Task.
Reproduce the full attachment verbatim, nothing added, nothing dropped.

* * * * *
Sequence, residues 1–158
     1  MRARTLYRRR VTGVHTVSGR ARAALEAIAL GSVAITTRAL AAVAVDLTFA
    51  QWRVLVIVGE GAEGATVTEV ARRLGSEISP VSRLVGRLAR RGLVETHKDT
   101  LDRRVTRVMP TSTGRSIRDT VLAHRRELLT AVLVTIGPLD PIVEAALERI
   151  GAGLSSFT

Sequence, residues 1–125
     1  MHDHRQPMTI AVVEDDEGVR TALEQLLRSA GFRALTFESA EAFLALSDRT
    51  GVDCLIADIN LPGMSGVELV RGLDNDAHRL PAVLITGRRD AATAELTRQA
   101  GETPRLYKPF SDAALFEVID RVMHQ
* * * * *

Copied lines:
Sequence, residues 1–158
     1  MRARTLYRRR VTGVHTVSGR ARAALEAIAL GSVAITTRAL AAVAVDLTFA
    51  QWRVLVIVGE GAEGATVTEV ARRLGSEISP VSRLVGRLAR RGLVETHKDT
   101  LDRRVTRVMP TSTGRSIRDT VLAHRRELLT AVLVTIGPLD PIVEAALERI
   151  GAGLSSFT

Sequence, residues 1–125
     1  MHDHRQPMTI AVVEDDEGVR TALEQLLRSA GFRALTFESA EAFLALSDRT
    51  GVDCLIADIN LPGMSGVELV RGLDNDAHRL PAVLITGRRD AATAELTRQA
   101  GETPRLYKPF SDAALFEVID RVMHQ